If you can think it, you can print it. That’s the beauty of 3D printers like the ones we have available right here on campus.
3D printers, or programmable machines used to create objects out of various mediums such as plastic, ceramics, metal and wood, were first invented in the 1980s and now serve important roles in bringing creative ideas and projects to life.
According to Harvard Business Review, companies such as GE, Boeing, Invisalign and Google use 3D printing or additive manufacturing to speed up business production.
With the versatility of 3D printers, the options are endless. Student at BYU-Idaho can learn firsthand how to create 3D prints of their own.
“I love how creative you can be,” said Thomas Hornberger, a junior studying mechanical engineering. “I love how you can go in these labs and make whatever you want. If you’ve got an idea, you can make it happen and come to life.”
BYU-Idaho students have access to on-campus 3D printers for respective projects. 3D printers are available to all students in the Mac lab on the first floor of the David O. McKay Library. They are also accessible to engineering students in the Mark Austin Building.
Students enrolled in courses with 3D printing as a part of the curriculum have priority on the campus printer waiting lists, but all students are allowed to send in a file to get something printed.
Loralee Price, a Mac lab assistant, explained how there are two different types of 3D printers accessible in the Mac lab — the Prusa and the Lulzbot.
The Prusa is more suitable for small printing projects while the Lulzbot can handle bigger, more detailed-oriented jobs.
Price said printing 3D objects cost money, but she also emphasized the affordability of 3D printing, especially for décor projects. She has utilized the printers herself to create a bookstand and a bowl.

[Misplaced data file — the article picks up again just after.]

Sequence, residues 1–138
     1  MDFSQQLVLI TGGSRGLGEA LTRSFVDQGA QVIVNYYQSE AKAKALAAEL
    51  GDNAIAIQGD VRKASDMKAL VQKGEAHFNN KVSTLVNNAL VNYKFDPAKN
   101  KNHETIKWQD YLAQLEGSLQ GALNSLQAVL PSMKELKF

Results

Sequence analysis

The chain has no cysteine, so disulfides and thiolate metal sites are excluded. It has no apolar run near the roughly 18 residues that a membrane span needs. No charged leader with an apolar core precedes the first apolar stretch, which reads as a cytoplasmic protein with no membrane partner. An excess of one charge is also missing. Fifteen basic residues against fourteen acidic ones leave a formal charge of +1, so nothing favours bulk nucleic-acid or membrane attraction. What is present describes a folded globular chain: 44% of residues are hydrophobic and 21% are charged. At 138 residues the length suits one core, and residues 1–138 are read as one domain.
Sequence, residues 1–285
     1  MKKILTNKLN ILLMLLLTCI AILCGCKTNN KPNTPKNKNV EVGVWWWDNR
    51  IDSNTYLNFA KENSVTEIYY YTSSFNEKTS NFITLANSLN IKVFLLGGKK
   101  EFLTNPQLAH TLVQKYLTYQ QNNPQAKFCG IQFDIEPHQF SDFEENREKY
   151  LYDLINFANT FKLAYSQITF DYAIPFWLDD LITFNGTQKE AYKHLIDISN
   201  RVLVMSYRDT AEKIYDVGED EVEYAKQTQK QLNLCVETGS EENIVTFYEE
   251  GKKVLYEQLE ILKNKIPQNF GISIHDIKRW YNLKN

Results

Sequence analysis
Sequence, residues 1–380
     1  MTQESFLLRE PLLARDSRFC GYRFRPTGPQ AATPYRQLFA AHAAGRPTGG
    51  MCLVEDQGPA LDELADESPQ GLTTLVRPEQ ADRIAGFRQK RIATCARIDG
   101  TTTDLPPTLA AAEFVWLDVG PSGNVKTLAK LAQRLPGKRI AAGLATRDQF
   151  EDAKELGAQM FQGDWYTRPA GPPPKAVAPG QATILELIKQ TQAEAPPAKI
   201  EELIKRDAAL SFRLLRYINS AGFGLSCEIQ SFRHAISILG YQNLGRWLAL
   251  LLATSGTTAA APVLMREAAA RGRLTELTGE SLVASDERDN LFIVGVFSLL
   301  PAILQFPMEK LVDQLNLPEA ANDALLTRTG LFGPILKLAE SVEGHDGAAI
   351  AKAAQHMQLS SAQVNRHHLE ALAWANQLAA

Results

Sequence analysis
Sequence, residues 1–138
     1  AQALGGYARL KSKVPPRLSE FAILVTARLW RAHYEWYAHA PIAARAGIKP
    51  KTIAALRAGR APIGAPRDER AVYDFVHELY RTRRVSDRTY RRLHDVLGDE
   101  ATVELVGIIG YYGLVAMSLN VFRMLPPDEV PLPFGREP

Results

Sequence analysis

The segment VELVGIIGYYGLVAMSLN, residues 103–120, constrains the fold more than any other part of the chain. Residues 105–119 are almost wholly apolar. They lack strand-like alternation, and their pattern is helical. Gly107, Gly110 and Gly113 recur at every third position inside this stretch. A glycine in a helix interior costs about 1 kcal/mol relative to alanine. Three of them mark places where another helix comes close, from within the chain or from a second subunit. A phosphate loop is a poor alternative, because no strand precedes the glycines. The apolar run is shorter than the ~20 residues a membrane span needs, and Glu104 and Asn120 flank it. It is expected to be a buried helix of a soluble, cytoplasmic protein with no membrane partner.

“It does cost money,” Price said. “It depends on how long it’s going to take and how big it is. But the super intricate temples we’re doing right now are $2 each, and they’re going to look really good.”
While 3D printers can create anything they are programmed to print, they are not yet advanced enough to create structural products because of limitations in the medium and size of the print. However, pieces of a larger object can be printed one by one and then assembled.
“3D printers are not really made to create structural things, but they’re certainly good at creating patterns that we can use to create structural things,” said Aaron Schellenberg, a mechanical engineering professor.
3D printers offer engineers a customizable, time-effective method for creating molds and patterns for various structural projects.
Schellenberg shared there are existing 3D printers that can create structural products; however, they are very expensive — upwards of $200 million. Even the smaller printers like the ones available on campus cost thousands of dollars.
While these elaborate printers may be available to students one day, the 3D printers accessible on campus have much to offer. Student access to 3D printers as a campus resource should not be taken for granted.
From mini temples to cutlery to a desktop pencil holder, there are many gifts and practical products that can be created in the Mac lab.